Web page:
The details the speaker chooses to focus on are also telling, honing in on the moments of violence themselves (the “curved tip” of Rubén Vásquez’s “sharpened fruit knife” and the way it was “like a glinting beak” in his hand) and their equally disquieting aftermath (their father’s ability to eat lunch and listen to music like nothing out of the ordinary had happened). The anecdote and imagery help develop the theme of a strained relationship between father and son.
I never understood how anyone could risk his life,
Stanza two summarizes the speaker’s feelings of confusion over the story. Specifically, they question how their father was able to so quickly compartmentalize such a moment of crisis (be it the fear of one’s father’s murder or an act of violence in self-defense). The ability to listen to music is particularly troubling to the speaker, who wonders how their father could even enjoy something so beautiful or pacifying — such as baroque composer Antonio Vivaldi — after risking his life. The speaker uses the incongruent moments of this story to highlight the many unspoken complications and misunderstandings that exist between the father and the speaker.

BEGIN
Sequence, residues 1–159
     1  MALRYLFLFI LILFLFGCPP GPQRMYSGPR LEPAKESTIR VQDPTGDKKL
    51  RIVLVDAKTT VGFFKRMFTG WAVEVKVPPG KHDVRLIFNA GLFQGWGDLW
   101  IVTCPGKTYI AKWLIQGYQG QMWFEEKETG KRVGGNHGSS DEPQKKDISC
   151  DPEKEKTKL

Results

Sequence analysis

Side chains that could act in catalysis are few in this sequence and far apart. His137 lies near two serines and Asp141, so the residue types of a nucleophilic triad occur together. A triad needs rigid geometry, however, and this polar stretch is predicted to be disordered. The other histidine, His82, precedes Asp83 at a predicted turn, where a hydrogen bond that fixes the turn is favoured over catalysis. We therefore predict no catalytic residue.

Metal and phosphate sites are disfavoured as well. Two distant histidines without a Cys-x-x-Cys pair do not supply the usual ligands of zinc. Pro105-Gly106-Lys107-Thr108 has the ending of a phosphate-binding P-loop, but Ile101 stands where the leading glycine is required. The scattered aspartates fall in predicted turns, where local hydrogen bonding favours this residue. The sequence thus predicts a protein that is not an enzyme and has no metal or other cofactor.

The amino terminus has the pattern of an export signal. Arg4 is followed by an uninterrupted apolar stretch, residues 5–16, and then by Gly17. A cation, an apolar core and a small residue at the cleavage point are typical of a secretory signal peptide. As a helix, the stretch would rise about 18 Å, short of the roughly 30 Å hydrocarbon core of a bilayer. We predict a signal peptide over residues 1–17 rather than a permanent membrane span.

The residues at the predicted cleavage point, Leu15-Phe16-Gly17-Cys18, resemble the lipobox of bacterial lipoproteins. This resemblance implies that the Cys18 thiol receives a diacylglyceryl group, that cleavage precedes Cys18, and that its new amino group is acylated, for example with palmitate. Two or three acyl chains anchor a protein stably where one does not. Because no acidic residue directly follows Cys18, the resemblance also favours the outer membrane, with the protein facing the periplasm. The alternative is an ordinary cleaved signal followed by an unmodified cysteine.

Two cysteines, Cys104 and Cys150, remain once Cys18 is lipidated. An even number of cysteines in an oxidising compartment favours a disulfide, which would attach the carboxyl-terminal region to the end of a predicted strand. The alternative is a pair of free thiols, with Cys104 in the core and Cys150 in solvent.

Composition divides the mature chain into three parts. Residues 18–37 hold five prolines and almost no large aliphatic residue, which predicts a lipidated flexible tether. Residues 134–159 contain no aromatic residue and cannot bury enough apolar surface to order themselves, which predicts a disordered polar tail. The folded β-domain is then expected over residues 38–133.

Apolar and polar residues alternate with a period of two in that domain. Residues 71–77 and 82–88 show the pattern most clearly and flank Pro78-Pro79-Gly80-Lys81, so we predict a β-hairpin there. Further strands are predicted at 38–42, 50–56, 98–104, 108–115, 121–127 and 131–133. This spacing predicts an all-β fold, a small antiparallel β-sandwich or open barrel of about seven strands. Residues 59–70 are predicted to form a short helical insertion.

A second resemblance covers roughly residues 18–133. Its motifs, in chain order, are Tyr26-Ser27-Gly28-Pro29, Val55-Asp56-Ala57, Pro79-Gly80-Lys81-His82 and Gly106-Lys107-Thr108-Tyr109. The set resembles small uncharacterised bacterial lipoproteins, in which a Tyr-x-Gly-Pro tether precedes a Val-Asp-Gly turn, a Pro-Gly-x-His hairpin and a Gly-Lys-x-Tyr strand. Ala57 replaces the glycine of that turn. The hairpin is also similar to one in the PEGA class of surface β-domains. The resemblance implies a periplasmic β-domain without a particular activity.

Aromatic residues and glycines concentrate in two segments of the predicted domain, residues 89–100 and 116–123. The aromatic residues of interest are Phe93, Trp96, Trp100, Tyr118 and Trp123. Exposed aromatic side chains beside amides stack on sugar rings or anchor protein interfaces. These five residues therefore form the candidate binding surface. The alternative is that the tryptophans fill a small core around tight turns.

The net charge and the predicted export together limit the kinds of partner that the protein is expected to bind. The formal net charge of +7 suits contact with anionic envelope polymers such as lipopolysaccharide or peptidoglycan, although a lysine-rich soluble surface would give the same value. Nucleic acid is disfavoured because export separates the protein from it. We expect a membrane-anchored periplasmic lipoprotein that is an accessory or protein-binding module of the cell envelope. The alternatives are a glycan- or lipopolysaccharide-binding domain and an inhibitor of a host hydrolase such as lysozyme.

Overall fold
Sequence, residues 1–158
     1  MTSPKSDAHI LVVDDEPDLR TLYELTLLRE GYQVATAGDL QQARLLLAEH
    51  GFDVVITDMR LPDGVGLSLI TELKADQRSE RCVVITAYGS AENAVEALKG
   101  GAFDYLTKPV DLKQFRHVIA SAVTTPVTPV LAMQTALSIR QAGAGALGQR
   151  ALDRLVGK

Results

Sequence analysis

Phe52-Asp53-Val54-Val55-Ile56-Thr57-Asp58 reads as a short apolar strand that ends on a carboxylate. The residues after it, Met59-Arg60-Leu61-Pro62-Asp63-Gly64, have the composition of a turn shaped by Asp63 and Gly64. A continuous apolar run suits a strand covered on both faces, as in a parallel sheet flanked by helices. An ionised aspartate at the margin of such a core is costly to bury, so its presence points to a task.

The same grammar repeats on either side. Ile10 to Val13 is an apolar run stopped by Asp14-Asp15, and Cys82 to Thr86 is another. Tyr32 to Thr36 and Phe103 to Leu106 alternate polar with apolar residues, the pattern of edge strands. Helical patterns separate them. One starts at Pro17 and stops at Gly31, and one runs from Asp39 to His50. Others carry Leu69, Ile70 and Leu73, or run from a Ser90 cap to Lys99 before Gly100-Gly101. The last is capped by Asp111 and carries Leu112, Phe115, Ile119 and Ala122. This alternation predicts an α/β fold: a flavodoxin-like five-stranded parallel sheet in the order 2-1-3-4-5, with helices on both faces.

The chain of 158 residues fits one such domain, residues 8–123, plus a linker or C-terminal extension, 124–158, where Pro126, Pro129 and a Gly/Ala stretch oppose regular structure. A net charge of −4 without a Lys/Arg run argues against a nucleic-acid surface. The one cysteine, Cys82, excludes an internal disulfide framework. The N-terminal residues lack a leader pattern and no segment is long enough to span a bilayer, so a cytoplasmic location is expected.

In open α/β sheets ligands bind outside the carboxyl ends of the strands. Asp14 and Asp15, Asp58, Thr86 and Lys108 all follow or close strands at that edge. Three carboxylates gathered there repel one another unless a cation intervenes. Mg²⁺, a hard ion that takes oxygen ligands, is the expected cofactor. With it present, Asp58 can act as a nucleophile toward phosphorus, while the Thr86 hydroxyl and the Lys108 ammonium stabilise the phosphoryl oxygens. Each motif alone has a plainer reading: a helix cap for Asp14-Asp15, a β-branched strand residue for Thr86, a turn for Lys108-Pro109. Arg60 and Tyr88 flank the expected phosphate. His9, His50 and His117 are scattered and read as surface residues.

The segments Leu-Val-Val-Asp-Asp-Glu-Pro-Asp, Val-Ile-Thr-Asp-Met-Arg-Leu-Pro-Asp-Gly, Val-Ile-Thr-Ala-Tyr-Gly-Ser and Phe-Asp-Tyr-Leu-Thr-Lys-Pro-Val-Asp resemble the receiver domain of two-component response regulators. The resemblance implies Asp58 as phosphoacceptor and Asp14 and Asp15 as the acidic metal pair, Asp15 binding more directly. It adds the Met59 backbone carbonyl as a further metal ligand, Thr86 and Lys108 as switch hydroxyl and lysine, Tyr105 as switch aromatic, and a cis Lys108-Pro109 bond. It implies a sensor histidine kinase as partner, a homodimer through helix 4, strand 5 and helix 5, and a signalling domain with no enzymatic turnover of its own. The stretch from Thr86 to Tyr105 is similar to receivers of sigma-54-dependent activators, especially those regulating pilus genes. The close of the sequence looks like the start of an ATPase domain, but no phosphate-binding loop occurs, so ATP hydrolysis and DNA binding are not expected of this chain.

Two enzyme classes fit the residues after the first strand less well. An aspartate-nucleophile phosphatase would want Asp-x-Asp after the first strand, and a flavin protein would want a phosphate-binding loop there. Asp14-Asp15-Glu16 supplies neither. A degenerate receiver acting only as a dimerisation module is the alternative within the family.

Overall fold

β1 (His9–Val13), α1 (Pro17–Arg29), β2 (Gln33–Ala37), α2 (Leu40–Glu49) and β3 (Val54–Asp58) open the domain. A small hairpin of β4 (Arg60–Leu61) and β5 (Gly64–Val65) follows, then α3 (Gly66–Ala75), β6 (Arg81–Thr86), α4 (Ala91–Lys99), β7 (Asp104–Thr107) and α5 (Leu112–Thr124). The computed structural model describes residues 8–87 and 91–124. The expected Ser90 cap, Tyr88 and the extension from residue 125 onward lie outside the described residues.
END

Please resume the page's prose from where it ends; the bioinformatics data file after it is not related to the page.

In winter, & realize I am looking at the stars
Again. A thin haze of them, shining
Stanza three shifts the narrative from a retelling of their father’s memory to the present. The speaker describes entering their backyard in winter — to “stare through the wet branches of an oak” — only to find themselves (with a tone of surprise) staring at the stars “again.” This isn’t the first time they’ve engaged in such a routine, and their impression of the stars as “persisting” seems to imply the reason why: their quality of longevity and perseverance is admired by the speaker.
It used to make me feel lighter, looking up at them.
In California, that light was closer.
You can almost believe that the elevator,
As it ascends, must open upon starlight.
Stanza four is the longest of ‘Winter Stars’ and, as such, provides the greatest context between the relationship between the speaker and their father in the present. They begin by describing the comfort given to them by the stars, which leads them to pine over a California that “no one will ever see again.” The same place where their father is “beginning to die.” It’s unclear what exactly is killing him, but the speaker’s descriptions of memory loss (“I watch my father / Search for a lost syllable” and “though he can’t remember, now, / the word for it, he is ashamed”) might imply some form of dementia.